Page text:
When you think automation, pallet changers, automatic tool changers, or robotic arms probably come to mind. Automation excels in repetition. Reducing those tasks frees employees to do more mentally demanding work, jobs that require complex, manual skills. Automation is a notable time-saver on the factory floor and has applications in the back office. Yet half of all manufacturing companies still use manual processes for monitoring changes, exceptions, and disruptions to their supply chain. That’s the finding of a whitepaper, “The Automation Imperative for Manufacturers & Distributors” prepared by document automation solutions provider Conexium and global management consulting and strategy advisory firm Zinnov .

“Reliance on manual processes is deeply entrenched across all functions, which adversely impacts the ability to deliver high-quality services and ensure profitability,” the report states. “From data entry to communications, document handling, and employee and customer management – all critical processes are managed by a maze of several interconnected and interdependent manual processes.”

One example – the manual sales order process – is prone to disruptions from customer requirements, manual handoffs, input errors, varying order channels (email, phone, online, etc.), inability to integrate with existing internal systems, and lack of visibility into the process end-to-end. Highlighting the extent of the inefficiencies, the report’s authors found 80% of the surveyed manufacturers’ sales orders were processed manually.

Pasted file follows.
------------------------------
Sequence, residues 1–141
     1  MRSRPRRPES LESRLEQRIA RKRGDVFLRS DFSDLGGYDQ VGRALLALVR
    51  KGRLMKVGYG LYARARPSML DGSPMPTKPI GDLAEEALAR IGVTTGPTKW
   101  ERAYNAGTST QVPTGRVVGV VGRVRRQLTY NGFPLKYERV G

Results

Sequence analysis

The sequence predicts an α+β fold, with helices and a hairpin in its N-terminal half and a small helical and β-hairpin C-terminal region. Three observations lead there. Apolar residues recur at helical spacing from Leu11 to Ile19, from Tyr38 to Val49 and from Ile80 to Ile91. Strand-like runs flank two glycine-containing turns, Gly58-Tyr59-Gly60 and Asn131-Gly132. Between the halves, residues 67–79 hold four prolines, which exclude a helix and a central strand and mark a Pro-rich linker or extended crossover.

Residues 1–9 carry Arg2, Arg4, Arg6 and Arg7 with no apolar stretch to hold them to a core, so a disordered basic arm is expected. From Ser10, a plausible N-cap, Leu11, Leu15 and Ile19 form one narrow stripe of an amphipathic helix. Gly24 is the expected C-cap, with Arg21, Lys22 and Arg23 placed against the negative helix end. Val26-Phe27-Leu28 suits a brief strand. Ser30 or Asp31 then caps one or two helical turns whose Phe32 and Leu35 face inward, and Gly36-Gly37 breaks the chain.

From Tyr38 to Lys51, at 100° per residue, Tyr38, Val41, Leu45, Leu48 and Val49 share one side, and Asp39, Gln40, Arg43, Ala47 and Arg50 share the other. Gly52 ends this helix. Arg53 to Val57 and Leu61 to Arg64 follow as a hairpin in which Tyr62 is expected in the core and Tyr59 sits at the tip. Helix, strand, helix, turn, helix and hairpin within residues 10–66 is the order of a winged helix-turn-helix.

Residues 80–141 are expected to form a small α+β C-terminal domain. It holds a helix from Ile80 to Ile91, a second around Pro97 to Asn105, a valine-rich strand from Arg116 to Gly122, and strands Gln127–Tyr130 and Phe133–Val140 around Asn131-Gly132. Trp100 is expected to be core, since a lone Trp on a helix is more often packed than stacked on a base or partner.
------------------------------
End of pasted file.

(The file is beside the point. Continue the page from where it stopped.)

Forcing staff members to retype purchase order (PO) information into a sales database because the data can’t transfer easily to production or accounting software is too common – and such workarounds defeat efficiencies automation brings elsewhere in the enterprise.

Another bottleneck – manually processing invoices – forces accounts payable staff “to engage in a series of intricate steps: data capture, extraction, invoice authorization, data integration and transfer, reconciliation of accounts, invoice matching, and payment processing,” the report notes. The researchers found invoice processing inefficiencies result in 47% of supplier payments running late.

Since sales order and invoicing processes play a significant role in defining customer and supplier relations and experiences, they are top use cases that should be automated, the report’s authors say. Automating the sales-order process – collecting, sorting, verifying, keying in, archiving – can reduce costs 90%, they estimate.

Automation allows a PO to be digitized through templates, categorized by artificial intelligence (AI), and fed into an enterprise resource planning (ERP) program. The only manual step is a manager approving the order; the PO then generates a bill of materials (BOM), schedule, and accounting record, reducing those processing costs up to 80%.

Similarly, AI can classify invoices by predetermined categories (think medical procedure coding) to be processed 70% faster by the ERP at 80% lower cost.

The first and last steps of manufacturing have so far eluded widespread automation. It’s time manufacturers address these inefficiencies and automate the unautomated. – Eric